The aftercare plan

Self-care and supportive care elements combine to provide a balance between structure and independence. Too much structure can result in rebellious adolescent behavior, whereas too much independence can result in reversion to maladaptive behaviors.

Centers that offer individualized treatment work with the patients and families to construct and facilitate a successful discharge plan. Teens must be included in both their relapse prevention plan and their aftercare plan. Signing each in the form of a contract between patient and provider is also helpful. New lifestyle habits are gradually introduced over the course of treatment.

Self-care must include a regular sleeping, eating and exercising schedule. These activities need to be allotted specific times in the aftercare schedule. Patient education elements to include in the discharge plan are discussed below.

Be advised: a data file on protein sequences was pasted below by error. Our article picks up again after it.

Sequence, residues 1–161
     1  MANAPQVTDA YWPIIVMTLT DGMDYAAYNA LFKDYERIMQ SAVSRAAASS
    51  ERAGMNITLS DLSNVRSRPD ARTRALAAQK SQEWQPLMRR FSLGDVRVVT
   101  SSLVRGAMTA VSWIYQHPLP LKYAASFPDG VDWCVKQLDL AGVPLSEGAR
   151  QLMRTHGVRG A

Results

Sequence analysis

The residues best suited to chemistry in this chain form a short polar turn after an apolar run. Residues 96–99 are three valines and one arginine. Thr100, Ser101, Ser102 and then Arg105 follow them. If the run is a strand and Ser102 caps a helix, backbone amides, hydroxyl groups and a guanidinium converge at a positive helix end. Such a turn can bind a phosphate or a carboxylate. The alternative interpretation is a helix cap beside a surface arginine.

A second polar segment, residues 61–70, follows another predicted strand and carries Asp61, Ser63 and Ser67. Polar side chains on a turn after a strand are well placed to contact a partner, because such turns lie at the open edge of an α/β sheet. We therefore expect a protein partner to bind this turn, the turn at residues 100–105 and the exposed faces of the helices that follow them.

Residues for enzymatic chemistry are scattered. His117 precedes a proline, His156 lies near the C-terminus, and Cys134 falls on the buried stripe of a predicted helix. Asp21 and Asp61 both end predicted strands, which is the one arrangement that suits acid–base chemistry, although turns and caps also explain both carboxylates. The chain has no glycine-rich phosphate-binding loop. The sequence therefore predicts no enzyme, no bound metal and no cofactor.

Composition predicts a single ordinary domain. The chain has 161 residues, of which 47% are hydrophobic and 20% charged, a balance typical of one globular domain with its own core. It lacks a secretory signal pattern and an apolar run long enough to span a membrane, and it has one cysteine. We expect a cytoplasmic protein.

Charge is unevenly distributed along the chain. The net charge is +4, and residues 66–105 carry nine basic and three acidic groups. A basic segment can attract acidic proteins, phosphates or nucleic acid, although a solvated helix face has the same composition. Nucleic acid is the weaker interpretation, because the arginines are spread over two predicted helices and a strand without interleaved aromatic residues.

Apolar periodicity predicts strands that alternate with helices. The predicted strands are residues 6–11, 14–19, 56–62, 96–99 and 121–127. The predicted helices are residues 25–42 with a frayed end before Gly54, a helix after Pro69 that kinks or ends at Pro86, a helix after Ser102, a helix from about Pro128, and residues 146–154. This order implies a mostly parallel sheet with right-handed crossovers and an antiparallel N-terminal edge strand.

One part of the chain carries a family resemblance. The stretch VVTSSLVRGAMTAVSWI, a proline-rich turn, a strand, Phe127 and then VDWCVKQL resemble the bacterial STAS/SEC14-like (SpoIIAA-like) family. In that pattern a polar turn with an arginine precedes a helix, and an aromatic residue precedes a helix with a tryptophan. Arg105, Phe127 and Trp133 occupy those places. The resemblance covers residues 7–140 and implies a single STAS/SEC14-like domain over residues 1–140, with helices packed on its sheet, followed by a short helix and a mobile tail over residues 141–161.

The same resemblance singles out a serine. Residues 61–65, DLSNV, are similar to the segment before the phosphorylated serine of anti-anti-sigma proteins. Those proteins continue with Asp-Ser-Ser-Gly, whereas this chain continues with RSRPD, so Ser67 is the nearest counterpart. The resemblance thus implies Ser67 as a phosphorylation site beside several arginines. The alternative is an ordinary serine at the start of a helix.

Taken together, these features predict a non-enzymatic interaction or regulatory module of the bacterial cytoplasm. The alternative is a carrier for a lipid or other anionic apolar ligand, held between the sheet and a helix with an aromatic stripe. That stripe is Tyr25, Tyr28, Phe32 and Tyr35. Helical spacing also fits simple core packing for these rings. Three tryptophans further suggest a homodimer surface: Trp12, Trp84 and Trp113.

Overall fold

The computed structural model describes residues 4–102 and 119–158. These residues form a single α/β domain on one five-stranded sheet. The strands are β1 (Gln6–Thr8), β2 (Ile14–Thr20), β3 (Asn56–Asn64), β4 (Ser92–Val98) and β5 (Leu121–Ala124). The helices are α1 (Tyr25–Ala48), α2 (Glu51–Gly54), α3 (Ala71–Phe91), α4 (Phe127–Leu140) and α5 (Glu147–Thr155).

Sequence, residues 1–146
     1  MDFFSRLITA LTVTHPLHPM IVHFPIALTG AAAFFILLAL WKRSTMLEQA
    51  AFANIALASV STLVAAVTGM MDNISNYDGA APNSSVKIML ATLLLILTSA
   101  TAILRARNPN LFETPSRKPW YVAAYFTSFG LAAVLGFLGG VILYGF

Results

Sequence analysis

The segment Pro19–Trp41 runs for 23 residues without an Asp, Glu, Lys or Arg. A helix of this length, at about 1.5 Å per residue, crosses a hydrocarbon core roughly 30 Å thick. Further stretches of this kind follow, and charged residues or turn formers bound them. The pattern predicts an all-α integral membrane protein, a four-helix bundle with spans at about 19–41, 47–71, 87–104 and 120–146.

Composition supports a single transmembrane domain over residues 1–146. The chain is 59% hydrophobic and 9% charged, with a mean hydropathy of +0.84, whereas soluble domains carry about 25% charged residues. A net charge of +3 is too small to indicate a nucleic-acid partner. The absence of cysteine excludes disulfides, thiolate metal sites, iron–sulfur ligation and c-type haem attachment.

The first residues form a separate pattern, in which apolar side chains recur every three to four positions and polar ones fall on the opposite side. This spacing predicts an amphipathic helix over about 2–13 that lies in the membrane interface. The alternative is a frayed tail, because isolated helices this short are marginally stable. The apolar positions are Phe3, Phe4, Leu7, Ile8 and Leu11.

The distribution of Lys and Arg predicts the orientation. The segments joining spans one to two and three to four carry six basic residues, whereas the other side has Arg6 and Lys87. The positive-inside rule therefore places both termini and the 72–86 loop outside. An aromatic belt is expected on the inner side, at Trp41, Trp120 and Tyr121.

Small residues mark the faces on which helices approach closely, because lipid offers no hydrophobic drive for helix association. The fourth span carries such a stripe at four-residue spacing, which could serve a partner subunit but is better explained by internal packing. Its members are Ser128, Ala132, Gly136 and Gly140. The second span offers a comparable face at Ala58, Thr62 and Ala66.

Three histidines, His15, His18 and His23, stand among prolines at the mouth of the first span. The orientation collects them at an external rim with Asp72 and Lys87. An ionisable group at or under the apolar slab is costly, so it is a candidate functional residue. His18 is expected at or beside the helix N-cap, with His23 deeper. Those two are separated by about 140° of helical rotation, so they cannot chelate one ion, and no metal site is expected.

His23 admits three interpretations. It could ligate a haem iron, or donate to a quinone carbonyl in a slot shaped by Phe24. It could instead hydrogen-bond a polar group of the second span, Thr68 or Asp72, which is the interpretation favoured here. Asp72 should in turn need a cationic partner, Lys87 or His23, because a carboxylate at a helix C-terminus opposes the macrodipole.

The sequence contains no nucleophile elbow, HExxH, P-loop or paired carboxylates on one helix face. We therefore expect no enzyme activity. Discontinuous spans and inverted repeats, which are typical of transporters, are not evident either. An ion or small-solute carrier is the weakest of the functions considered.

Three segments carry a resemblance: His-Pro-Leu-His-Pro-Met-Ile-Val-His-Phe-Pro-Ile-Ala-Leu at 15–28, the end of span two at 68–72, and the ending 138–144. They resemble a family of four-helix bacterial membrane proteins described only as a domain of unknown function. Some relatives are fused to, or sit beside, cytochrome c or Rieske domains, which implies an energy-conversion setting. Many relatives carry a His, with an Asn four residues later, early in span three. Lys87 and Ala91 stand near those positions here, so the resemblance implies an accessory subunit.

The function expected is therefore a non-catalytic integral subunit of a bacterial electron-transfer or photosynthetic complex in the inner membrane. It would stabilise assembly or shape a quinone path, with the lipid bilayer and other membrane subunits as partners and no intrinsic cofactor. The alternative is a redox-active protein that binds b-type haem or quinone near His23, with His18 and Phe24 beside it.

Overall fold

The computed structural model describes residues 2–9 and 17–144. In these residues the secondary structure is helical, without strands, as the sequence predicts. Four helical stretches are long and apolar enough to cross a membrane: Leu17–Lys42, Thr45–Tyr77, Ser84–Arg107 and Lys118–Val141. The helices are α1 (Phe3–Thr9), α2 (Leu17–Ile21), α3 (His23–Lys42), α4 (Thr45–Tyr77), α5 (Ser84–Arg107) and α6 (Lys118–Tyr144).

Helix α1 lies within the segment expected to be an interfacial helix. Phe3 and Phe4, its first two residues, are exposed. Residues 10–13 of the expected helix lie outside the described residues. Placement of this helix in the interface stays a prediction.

• Sleep: The body repairs itself during sleep. Yet sleep disturbances can continue for months after stopping alcohol and drug use. Patient education measures for sleep include relaxation techniques and importance of bedtime rituals. When insomnia medication is prescribed, drug information and follow-up physician appointments must be given.
  • Nutrition: Next, dietary recommendation need to be reviewed. Patients in early recovery are generally malnourished. Sugar cravings are common due to the dopaminergic stimulation of the reward center of the brain by sugar and other addictive substances. Dietary counseling should include elements of a nutritious diet and avoidance of foods and drinks with high sugar content. Healthy snacks and meal plans should be discussed. Families should be encouraged to follow the same recommendations to support their teen through the recovery process.
  • Exercise: Daily exercise is a well-established adjunctive treatment for patients with depression, anxiety, psychosis and mood disorders. A review of the literature suggests exercise also decreases craving and drinking behavior in patients with substance use disorders. Exercise also increases oxygen delivery to the brain, liver and heart and promotes healing.

Supportive care should continue for at least the first year and often includes the following:

  • Intensive outpatient or partial outpatient treatment program